Feb 6th, '09, 22:21
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Large Glass Gaiwan

by gerTEA » Feb 6th, '09, 22:21

I'm in the market for a glass gaiwan and found this "large" one offered by Dragon Tea House on eBay and I'm intrigued. Perhaps it's oversized so that one can handle it by the 'collar' without it getting too hot? It appears to have 3 small vents in the lid also. Has any one tried this style of gaiwan? Thoughts in general about the design?

Keep having technical issues here....and coming up with blank post when I try to insert a url!

Dragon Tea House on eBay - search on Large Glass Gaiwan - will try to follow up with pic.

Okay, here goes:

Image
Last edited by gerTEA on Feb 6th, '09, 22:27, edited 4 times in total.

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Feb 6th, '09, 22:23
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by Space Samurai » Feb 6th, '09, 22:23

I was thinking the same thing.

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Feb 6th, '09, 22:23
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by TaiPing Hou Kui » Feb 6th, '09, 22:23

Perhaps a little more information is needed gerTEA ;)

Feb 6th, '09, 22:31
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by gerTEA » Feb 6th, '09, 22:31

It holds 280ml (9.47 oz). Here's another pic:

Image

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Feb 6th, '09, 22:46
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by TaiPing Hou Kui » Feb 6th, '09, 22:46

I have never personally used this "style" of "gaiwan"...if you could even technically call it that.....it is neat looking though.....It appears like it should work fine.....are you more interested in it becuase of its unique design? Becuase of its volume capacity? Or just becuase its glass?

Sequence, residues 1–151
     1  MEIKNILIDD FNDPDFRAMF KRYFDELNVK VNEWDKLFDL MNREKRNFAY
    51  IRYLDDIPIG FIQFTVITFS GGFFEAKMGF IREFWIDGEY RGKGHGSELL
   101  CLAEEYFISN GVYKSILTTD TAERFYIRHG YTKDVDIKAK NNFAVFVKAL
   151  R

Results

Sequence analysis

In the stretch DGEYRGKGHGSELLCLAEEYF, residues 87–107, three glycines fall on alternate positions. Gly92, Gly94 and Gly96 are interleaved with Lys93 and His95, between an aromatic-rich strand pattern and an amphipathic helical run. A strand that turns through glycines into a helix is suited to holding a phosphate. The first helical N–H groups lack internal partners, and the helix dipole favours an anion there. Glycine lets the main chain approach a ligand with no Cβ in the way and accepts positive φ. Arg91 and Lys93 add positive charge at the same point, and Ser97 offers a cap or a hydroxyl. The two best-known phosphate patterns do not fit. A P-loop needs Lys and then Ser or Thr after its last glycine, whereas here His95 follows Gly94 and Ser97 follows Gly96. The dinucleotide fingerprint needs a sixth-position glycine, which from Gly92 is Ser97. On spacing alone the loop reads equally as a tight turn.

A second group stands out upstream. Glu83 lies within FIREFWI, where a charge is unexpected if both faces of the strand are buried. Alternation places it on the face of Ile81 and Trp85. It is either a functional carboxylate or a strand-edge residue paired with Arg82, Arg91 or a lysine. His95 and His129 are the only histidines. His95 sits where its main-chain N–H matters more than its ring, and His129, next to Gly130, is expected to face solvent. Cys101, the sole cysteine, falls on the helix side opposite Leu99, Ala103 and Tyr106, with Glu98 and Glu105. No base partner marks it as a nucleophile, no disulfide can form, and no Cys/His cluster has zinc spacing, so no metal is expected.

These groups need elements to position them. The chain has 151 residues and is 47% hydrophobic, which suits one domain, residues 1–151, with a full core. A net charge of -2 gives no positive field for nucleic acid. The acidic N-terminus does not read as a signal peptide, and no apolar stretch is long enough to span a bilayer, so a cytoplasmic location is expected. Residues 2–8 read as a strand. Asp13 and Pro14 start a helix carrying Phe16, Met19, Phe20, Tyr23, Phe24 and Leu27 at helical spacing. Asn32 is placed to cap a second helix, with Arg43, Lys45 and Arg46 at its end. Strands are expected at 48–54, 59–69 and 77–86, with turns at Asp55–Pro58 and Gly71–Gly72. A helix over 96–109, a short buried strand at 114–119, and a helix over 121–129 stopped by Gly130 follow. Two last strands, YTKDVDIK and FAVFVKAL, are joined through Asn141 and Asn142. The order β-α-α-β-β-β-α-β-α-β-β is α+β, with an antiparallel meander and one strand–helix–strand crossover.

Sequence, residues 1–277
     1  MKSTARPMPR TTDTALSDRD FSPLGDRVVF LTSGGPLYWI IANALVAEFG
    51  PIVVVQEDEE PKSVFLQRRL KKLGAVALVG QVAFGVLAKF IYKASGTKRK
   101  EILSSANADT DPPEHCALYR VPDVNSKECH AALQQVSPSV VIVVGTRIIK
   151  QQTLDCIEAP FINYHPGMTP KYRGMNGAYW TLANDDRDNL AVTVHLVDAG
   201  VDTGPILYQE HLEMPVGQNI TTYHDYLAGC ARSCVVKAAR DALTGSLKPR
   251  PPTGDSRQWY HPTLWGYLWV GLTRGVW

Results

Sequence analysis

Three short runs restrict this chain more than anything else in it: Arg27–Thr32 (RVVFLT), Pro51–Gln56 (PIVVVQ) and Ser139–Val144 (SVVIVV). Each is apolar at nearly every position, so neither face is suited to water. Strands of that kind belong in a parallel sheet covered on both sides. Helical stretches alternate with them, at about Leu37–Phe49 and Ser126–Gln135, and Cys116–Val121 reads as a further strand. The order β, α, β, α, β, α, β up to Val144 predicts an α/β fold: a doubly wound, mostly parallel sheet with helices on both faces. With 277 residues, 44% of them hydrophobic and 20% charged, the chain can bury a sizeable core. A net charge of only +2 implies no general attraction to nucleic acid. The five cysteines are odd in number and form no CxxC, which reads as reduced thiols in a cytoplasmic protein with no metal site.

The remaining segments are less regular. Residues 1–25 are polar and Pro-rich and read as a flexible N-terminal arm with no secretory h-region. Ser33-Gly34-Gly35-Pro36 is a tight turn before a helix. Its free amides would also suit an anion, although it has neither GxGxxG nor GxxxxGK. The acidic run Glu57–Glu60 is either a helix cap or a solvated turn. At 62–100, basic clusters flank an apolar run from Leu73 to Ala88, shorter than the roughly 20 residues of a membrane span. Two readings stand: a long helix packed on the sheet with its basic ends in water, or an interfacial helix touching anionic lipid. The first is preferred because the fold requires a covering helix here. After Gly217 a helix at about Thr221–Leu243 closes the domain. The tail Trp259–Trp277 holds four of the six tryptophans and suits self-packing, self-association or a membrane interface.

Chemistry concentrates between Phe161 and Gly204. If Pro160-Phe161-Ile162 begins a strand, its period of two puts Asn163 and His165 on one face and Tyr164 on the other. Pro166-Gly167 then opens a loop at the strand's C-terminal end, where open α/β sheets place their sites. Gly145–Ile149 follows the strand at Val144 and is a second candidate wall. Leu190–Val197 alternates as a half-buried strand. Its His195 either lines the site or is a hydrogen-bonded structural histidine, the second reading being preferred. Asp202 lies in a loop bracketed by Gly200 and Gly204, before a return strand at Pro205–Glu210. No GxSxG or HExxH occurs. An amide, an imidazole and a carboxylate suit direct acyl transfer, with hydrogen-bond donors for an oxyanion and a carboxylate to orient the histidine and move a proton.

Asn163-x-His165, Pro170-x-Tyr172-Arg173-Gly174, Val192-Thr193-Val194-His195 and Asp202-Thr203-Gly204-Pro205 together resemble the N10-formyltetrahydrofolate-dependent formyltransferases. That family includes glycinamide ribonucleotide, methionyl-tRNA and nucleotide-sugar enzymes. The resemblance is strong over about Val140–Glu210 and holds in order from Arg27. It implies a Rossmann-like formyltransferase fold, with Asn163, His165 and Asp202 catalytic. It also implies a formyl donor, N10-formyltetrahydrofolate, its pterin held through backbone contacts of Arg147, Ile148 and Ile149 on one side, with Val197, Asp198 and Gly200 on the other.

-Nick

Feb 6th, '09, 22:51
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by gerTEA » Feb 6th, '09, 22:51

TaiPing Hou Kui wrote:I have never personally used this "style" of "gaiwan"...if you could even technically call it that.....it is neat looking though.....It appears like it should work fine.....are you more interested in it becuase of its unique design? Becuase of its volume capacity? Or just becuase its glass?

-Nick
All of the above - I'm wondering if it's a bit easier to handle than the smaller glass ones, I love brewing greens in glass, and I tend to be a bit of a tea gulper which is why the larger size appeals....

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Feb 7th, '09, 13:01
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by Victoria » Feb 7th, '09, 13:01

I saw that one myself. I guess the "vents" are for straining - so it might be a slow pour, but still it looks kinda cool and might be fun to have. I say go for it!